Wednesday, August 6, 2014

Home Leave Before Moving Abroad, Going to School, and Starting Normal Life All Over Again

Traveling and living abroad, I tend to idealize American childhood. I know that my summers were terribly boring, but my memories are full of fishing with sticks and cold cuts, climbing trees, and walking in the woods. Maybe some of those memories have been polished with time, but they are confidence building. I want to give the kids the same thing.

My goals for the summer were never written, but included camping, fishing, and hiking. We only tramped around the backyard woods twice and never made permanent trails. They did fish, though I tried to avoid the worms, fish, hooks, dock, and everything associated with it. We did camp once in the backyard.
Hiking through undergrowth takes concentration, but camping is a bit slow and my mind wanders. I start to think of all the trips that came before. My first camping trips were with the girl scouts. Will the kids experience scouts? There must be troops all over the world. They need to experience that distinctive scent of the green plastic platform tents and the sound of girls trapped inside that large A-frame being catty and mean.

Ah, the memories. The gates are open and the memories rush through too fast to collect: hash campouts (which my phone autocorrected to vampires), Marceline and Toon-Fest, kayak and canoe trips- remember kids people go in the kayaks and the beer and gear go in the canoe! Glimpses into the torrent reveal funny memories and inside jokes. The kind of stuff that is mine to hold onto and at times not hold in, like marshmallows. One of life great mysteries explained.

These are the thoughts that helped me smile as I laid on the cold ground, because someone didn’t want to use the air mattress; at the bottom of a downhill slope, because that is where the tent was pegged; and being kicked by three pairs of feet, because four people don’t fit into a 2-man tent no matter what size those people are, and living in fear because pee flows downhill.

The mosquitoes were terrible, so we all ran and jumped in the tent. The inside of the tent glowed red with light from the star watching app. Star Walk was my frequent companion in Africa, but rarely used during the bright city nights in DC.  Ted turned it into a game, blinding us with close-ups of stars and the moon. He played with the app and we never would know what stars were above us. It was a full moon, so maybe we would not have seen much anyway.

Lightning bugs are great to watch from the porch, but nearly invisible through the white, synthetic walls of the tent. The other bugs mobilized, ignoring the bug spray soaking our skin and attacked looking for blood. The bombardment continued as they tested the tent fabric for weaknesses. Lying quietly trying to ignore the discomfort and inevitable flood, I heard creaking. Did the mosquitoes join forces with a ground insect in order to tunnel in? Creak. Creak. I felt around the bottom of the tent. Nothing was moving. Listening carefully I found the spot. Slowly I put my finger down and pushed until, crack! Creaking stopped and I was a little freaked out by the size of the something that cracked under the tent.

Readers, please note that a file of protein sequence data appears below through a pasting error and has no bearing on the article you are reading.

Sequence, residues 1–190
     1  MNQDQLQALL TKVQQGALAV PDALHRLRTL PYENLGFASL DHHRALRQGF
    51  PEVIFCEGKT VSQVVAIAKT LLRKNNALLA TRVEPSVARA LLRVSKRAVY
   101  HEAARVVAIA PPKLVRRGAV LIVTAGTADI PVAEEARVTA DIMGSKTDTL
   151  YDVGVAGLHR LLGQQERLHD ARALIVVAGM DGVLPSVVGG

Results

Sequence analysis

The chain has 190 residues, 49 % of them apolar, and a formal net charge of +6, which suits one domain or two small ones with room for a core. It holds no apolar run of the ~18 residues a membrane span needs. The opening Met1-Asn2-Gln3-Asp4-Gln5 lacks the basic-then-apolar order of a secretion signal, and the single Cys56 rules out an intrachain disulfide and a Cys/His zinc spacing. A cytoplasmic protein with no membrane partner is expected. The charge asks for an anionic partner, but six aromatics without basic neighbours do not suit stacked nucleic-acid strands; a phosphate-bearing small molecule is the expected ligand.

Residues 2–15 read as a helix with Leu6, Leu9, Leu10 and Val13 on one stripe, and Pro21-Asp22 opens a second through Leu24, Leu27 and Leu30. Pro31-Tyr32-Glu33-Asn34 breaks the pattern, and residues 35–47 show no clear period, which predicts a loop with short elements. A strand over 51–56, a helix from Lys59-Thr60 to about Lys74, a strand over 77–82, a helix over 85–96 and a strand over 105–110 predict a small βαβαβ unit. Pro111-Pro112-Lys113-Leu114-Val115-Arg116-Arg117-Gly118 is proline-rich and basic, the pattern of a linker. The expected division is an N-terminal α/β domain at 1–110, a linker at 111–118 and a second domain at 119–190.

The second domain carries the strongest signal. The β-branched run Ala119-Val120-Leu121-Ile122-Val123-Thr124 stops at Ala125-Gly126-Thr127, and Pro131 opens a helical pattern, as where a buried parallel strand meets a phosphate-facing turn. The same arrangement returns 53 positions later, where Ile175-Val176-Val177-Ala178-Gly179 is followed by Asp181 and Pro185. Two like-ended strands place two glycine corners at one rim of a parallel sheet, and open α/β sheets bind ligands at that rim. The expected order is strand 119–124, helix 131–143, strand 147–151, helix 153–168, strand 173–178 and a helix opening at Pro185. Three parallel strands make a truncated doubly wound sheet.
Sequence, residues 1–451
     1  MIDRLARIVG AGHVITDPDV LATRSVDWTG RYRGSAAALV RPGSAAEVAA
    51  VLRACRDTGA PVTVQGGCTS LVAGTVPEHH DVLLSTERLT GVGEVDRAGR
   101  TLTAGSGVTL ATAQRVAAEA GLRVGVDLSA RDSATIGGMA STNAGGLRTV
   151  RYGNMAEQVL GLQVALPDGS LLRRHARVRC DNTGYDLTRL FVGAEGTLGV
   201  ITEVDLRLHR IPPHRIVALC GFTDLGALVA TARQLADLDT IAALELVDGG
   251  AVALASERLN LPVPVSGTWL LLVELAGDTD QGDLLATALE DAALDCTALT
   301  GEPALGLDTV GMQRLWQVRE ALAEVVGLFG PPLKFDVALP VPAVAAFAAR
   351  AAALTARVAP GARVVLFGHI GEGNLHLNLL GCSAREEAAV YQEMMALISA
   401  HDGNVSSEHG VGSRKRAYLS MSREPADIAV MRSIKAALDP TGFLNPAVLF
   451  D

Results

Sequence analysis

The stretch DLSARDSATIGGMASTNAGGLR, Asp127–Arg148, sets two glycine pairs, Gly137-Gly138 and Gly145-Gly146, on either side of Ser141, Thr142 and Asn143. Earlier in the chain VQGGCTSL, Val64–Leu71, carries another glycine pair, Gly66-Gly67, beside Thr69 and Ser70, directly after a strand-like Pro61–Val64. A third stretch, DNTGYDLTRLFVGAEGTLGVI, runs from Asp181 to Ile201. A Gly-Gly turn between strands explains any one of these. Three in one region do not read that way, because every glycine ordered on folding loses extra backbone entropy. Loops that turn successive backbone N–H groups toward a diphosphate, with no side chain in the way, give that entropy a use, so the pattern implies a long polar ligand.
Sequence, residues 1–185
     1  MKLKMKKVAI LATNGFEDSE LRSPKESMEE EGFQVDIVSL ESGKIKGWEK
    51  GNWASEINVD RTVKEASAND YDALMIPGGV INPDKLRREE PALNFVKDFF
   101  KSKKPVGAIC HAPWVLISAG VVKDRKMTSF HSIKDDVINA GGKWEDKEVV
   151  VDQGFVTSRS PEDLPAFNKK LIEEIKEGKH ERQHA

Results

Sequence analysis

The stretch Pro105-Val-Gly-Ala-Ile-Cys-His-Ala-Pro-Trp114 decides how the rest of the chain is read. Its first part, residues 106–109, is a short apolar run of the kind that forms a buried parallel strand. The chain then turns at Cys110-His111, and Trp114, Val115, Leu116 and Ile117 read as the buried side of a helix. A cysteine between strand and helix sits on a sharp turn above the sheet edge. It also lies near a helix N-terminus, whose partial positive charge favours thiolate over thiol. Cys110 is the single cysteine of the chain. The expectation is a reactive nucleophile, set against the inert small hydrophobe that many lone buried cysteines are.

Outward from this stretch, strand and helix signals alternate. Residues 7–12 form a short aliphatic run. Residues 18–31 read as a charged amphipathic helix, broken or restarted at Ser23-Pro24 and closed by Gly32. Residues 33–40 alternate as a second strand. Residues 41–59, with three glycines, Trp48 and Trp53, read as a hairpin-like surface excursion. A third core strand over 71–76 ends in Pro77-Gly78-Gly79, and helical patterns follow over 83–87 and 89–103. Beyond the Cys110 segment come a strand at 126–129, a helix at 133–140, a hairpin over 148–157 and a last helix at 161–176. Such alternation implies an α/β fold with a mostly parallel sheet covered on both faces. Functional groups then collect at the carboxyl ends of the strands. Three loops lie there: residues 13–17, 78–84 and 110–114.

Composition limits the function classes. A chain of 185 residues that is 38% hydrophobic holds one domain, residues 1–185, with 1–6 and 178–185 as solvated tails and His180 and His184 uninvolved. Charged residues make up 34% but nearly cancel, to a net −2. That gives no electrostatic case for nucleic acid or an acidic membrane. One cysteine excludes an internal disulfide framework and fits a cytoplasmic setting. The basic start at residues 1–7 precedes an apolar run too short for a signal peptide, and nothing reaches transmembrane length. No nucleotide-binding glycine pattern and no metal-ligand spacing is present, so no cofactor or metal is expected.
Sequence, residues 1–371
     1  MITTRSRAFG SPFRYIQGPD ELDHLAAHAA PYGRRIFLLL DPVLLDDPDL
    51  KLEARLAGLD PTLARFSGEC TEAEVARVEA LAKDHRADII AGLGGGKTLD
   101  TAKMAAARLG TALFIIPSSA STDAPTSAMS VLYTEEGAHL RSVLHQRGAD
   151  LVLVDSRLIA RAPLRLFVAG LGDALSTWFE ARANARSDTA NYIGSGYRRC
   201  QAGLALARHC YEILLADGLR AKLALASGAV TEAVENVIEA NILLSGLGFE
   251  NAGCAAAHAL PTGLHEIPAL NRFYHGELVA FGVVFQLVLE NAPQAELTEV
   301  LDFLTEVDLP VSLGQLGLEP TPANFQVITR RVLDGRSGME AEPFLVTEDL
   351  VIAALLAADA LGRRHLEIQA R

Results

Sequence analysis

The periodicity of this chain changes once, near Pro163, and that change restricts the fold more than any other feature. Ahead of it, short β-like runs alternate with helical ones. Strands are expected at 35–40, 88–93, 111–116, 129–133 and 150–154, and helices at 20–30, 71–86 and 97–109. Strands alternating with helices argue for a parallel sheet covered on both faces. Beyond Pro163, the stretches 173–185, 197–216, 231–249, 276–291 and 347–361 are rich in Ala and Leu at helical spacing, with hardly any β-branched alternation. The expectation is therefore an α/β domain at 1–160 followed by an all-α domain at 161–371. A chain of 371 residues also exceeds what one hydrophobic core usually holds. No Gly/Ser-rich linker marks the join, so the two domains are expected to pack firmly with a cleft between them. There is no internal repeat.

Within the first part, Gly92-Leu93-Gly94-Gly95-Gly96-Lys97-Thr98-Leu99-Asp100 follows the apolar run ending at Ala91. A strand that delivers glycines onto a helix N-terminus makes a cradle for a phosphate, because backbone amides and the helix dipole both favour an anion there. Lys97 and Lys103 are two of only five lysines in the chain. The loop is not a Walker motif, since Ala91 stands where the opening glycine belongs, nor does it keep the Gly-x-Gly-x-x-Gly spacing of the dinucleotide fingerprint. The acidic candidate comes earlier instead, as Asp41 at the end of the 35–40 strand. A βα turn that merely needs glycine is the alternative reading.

At around 11pm I snuck out of the tent to use the bathroom, modern conveniences just steps away. There was something odd about the air. On the way back to the tent it hit me- nothing hit me. There were no bugs biting, wings and legs humming. No bats above. The air was perfectly still. Do I wake the kids and look at the stars? Nope, tell them tomorrow. I tried to sleep. At 2am I bailed on my loving family and went to sleep on the couch downstairs rather than the bed, just in case a coyote attacked them.

The old stories of people sleeping under the stars are romanticized. Cowboys sleeping with a saddle for a pillow, elves and men sleeping in abandoned watchtowers. Are there not Tolkien-size bugs out there? Snakes? Other creepy crawlies that slither, wiggle, and fly during the night? Romantic? In my younger, tentless days I tried it once and would never again. Sleeping under the stars is cold, rocky, and buggy. 

A week after tenting, when the family was caught up on sleep, we took down the tent. The large, crushed, critter was not found. The tent, now on its way to Shanghai, has been retired for the season. We have hit everything on the list and the kids had a good, memorable summer. Ted's only disappointment, still no pocket knife. 
Making trails in the backyard.

Swimming at Grandma's.

Fishing with cousins and the aunts who bravely face hooks and worms.

Embedded deer tick.

Climbing trees.

Berries from the backyard.

Running with no purpose and no direction.

1 comment:

Unknown said...

Looks like you did it all just right :)